Archive for July, 2010

July 21, 2010

Can you afford an interior designer in San Diego or anywhere for that matter?

by rebecca elisabeth design
So let’s get to the nitty-gritty, the answer you really want to know…can you afford a design professional? There is no doubt about it, designers are a luxury item, that not everyone can afford.  If you don’t have a decent budget or you are a do-it-yourselfer, you probably shouldn’t hire a designer. You should analyze yourself and your budget before you head down the path of finding a designer.  This is critical, because if you don’t have the funds or the understanding of the value a designer brings to a project, you will both frustrate the designer and yourself in the quest to find a designer for your project. Fees you can expect to pay for a designer are as follows:

$35-50 an hour for a student designer.
They will have little to no experience in building and furnishings but may have great aesthetics to help you buy retail.

$65-85 an hour for a beginning designer
This may be a young designer with 1-5 years of experience in a design firm or a second-career designer that had other business experience to bring professionalism to the table. The later has most likely worked with a more experienced designer, for a year or two, to gain knowledge and sources for custom work. Source both custom and retail.

$90-175 an hour for an experienced designer
This is where most professional designers will fall. In this range, it is about selecting someone who you most connect with and whose portfolio you like. Sourcing in this category is 95% trade-only sources, in other words virtually no retail items will be used to design your home, thereby creating a unique look that you won’t see at your neighbor’s house in a month.

$180+ an hour for a “name” designer
In this category, designers have either been designing for 20+ years and have been able to demand these fees or they are a celebrity type designer.  The later has been extensively nationally published and is likely to have their own line of furniture, fabric or accessory. These designers often have a store front that requires higher fees for overhead. Sourcing in this category is 95% trade only sources, in other words virtually no retail items will be used to design your home.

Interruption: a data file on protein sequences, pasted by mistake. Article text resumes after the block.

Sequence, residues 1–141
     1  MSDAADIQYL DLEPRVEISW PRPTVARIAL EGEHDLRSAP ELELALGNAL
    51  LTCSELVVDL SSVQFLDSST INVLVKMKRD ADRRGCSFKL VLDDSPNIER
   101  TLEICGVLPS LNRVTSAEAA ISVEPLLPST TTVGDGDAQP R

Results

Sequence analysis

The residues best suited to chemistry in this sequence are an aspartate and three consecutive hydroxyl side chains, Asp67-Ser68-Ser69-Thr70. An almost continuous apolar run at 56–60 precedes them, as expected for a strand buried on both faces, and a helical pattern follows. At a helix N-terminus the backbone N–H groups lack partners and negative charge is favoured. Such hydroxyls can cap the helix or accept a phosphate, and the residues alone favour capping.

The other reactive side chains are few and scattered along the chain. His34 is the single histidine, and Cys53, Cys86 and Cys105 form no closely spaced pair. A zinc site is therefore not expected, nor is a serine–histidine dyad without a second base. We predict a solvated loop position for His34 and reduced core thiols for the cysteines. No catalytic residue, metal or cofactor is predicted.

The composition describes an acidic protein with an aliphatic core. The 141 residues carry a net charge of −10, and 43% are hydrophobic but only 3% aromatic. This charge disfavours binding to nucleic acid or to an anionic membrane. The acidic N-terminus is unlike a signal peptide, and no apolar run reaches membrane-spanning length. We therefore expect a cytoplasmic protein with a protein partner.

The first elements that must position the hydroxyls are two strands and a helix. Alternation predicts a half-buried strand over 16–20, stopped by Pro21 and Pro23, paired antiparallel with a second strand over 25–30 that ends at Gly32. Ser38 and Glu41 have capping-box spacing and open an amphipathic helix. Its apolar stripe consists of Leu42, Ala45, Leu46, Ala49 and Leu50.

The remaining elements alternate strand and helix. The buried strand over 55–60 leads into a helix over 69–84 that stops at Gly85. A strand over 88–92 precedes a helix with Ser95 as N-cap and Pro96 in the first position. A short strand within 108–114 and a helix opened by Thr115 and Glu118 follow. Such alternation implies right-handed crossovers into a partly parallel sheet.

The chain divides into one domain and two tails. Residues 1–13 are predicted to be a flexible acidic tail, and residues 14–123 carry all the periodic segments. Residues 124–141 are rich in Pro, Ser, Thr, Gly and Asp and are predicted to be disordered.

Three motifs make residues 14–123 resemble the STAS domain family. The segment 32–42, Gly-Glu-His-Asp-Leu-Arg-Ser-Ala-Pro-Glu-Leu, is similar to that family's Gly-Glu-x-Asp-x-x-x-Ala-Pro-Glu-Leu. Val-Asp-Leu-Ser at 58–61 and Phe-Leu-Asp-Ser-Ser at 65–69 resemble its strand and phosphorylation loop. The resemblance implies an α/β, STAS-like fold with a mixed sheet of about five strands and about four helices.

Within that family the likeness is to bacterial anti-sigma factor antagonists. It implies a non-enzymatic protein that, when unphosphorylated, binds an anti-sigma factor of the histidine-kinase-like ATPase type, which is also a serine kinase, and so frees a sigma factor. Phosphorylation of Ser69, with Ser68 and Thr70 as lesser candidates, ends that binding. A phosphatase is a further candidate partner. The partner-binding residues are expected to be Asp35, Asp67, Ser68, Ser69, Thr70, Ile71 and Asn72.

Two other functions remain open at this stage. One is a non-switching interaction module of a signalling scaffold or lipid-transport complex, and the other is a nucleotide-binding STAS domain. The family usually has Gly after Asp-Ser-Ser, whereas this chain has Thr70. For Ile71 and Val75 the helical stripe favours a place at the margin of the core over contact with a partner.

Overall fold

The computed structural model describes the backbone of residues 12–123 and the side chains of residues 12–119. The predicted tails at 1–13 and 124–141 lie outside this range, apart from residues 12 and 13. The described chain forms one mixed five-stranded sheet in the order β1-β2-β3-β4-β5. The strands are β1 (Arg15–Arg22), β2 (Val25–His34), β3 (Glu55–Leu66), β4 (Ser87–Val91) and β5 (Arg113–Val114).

If you are paying 90+ and are getting retail items, you are being over charged.  Of course, there are always exceptions to every rule.  If you need something in a day or a week it is likely you will get a showroom floor item or a retail item, as most custom furnishings take 6-24 weeks.  For example, custom rugs, made in Asia take about 4-6 months to be made and shipped. A professional designer should have sources, they use to design custom products for their clients, to create a home that is unique and customized to you.
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July 12, 2010

does your TV use too much energy?

by rebecca elisabeth design

Your TV as an appliance?! Today’s consumers are spending a small fortune on their TV sets and therefore display them prominently in their homes. Some large TVs can consume as much energy as a refrigerator.

Generally, LCDs seem to be the best flat screen option using an average of .28 watts per square inch vs. the average .33 watts per square inch Plasmas. I’ll do the math for you, that means the average Plasma use 18% more energy than the average LCD. The energy saving rear projection TVs use only .13 watts per square inch, sacrificing space for efficiency. The range by brand however is great. For example, 52” LCDs range from .19-.28 watts per square inch while 50” Plasmas range from .15-.42 watts per square inch.

But the future of efficient TV is about to change. The EPA has developed a new set of criteria for HDTV that is scheduled to go into effect November 1, 2008 called: Version 3.0 Energy Star TV. New standards will mandate that 50” HDTVs use less than 391 watts. While most 50-52” Plasmas and LCDs already meet this standard, there are a few energy hogs that don’t. The 3 lowest energy consuming units tested by CNET are: the 50″ Plasma Panasonic TH-50PZ850U, the 50” Plasma Panasonic TH-50PZ800U, and the 52” LCD Samsung LN52A650.

For details on other sizes or models please visit:

Cnet

EnergyStar

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